Andy Bond, CEO of Wal-Mart's Asda supermarket chain has ordered an internal investigation into why tens of thousands of his employees refuse to shop at the company's stores, according to the Independent on Sunday newspaper.

Bond has told his store managers that nearly 50,000 staff decline to do their weekly shopping with the company and he wants to know why, the paper said.

Asda insists that the true figure is less than half that, but Bond gave the higher estimate in a meeting this summer with managers from most of the group's 281 stores, it said. The chief executive's calculation would mean that two in five employees shop elsewhere, despite a 10% discount on goods.

The news comes on top of the decision by Mr Bond to scrap a special staff discount on toys, DVDs and drinks this Christmas. Instead of the usual 20% price cut, they will get the normal 10%.

Giovanna Holt, a former Asda employee who is now an official of the GMB general union, said the reluctance of "colleagues" - as Asda calls them - to shop at the chain was a symptom of low morale and a sign that they had to shop around to get the best bargains. "Although Asda boasts that its prices are among the lowest, the colleagues' pay is at or near the national minimum wage and they have to buy the cheapest lines in different stores to make their money go further. A lot of them have to live hand to mouth," Holt said.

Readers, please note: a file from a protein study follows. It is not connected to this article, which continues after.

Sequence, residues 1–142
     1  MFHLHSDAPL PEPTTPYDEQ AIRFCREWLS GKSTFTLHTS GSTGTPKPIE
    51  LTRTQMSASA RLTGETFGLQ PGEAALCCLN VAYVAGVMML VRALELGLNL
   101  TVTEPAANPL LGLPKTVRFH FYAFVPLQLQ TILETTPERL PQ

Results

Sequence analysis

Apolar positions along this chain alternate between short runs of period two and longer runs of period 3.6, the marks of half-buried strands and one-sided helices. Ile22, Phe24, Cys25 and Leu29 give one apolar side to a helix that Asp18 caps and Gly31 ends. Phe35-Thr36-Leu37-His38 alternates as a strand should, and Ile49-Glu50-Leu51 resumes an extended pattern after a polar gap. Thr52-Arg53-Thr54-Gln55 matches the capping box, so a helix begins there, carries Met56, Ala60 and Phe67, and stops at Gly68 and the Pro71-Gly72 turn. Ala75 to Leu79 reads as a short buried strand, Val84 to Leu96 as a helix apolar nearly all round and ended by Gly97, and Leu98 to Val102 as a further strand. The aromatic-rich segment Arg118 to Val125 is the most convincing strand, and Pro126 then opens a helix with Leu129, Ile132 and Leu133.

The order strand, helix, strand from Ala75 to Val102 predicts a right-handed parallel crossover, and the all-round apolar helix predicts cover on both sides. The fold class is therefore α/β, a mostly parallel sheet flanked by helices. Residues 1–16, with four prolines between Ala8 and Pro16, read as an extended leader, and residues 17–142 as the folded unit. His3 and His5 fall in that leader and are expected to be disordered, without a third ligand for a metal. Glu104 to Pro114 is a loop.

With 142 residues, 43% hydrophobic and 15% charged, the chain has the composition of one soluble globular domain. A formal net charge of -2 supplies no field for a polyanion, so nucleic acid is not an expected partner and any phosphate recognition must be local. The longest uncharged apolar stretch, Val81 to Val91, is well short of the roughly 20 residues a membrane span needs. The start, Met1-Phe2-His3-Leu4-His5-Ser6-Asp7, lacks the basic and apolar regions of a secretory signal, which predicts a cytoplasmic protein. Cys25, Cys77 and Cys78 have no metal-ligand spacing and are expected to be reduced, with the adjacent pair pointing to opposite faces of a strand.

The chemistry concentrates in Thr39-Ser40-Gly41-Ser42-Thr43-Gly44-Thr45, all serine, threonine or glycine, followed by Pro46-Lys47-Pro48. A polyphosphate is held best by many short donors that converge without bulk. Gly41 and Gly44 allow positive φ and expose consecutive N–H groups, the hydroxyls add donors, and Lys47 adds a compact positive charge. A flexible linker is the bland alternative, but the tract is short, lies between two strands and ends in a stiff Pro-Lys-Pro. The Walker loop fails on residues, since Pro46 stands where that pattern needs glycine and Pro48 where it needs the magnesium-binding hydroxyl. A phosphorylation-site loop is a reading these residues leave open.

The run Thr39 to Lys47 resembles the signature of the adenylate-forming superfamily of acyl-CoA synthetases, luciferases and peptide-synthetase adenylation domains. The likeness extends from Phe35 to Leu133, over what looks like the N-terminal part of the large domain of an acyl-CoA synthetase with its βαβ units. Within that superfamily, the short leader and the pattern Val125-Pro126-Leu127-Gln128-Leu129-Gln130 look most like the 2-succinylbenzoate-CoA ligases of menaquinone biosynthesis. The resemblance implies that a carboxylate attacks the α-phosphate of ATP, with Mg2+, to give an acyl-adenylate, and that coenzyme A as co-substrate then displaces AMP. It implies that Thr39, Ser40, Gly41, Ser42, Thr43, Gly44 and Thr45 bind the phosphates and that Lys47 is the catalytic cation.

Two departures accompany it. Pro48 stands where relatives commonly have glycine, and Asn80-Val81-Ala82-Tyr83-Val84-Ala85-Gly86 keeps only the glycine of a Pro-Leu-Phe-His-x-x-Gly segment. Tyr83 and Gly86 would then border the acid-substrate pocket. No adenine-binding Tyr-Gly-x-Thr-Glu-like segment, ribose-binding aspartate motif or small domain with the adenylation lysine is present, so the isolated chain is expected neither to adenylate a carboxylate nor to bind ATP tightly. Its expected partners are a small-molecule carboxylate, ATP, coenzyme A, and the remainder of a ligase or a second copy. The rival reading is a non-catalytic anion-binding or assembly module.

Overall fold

She said under the "anti-union" Wal-Mart group, the stores chain had attempted to squeeze "more and more" out of the workforce and employees were resisting it. She added that senior managers spoke to "hand-picked" employees only when they visited stores.

A spokesman for Asda said about 22% of employees did not get their weekly shop at Asda, but it was difficult to work out the precise proportion. He "did not recognise" the figure attributed to Mr Bond which would amount to 40% of the workforce.

A spokeswoman for the stores group denied there was a problem with morale or that senior managers spoke to hand-picked employees only. She said regular "listening groups" undertaken by managers at stores showed morale was high and "growing steadily".

She "struggled to understand" the union's allegations, and said no such mood had been picked up in a confidential, online reporting system in which employees were encouraged to be honest about management.